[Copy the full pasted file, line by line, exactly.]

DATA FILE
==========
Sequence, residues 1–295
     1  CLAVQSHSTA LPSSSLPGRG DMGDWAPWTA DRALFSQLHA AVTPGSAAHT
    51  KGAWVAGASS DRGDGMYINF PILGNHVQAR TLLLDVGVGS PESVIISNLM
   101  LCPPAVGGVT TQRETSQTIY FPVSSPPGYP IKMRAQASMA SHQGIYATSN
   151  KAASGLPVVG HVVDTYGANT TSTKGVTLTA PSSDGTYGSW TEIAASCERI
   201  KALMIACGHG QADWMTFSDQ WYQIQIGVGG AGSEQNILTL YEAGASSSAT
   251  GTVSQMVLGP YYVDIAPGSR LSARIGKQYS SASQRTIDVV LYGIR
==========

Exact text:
Sequence, residues 1–295
     1  CLAVQSHSTA LPSSSLPGRG DMGDWAPWTA DRALFSQLHA AVTPGSAAHT
    51  KGAWVAGASS DRGDGMYINF PILGNHVQAR TLLLDVGVGS PESVIISNLM
   101  LCPPAVGGVT TQRETSQTIY FPVSSPPGYP IKMRAQASMA SHQGIYATSN
   151  KAASGLPVVG HVVDTYGANT TSTKGVTLTA PSSDGTYGSW TEIAASCERI
   201  KALMIACGHG QADWMTFSDQ WYQIQIGVGG AGSEQNILTL YEAGASSSAT
   251  GTVSQMVLGP YYVDIAPGSR LSARIGKQYS SASQRTIDVV LYGIR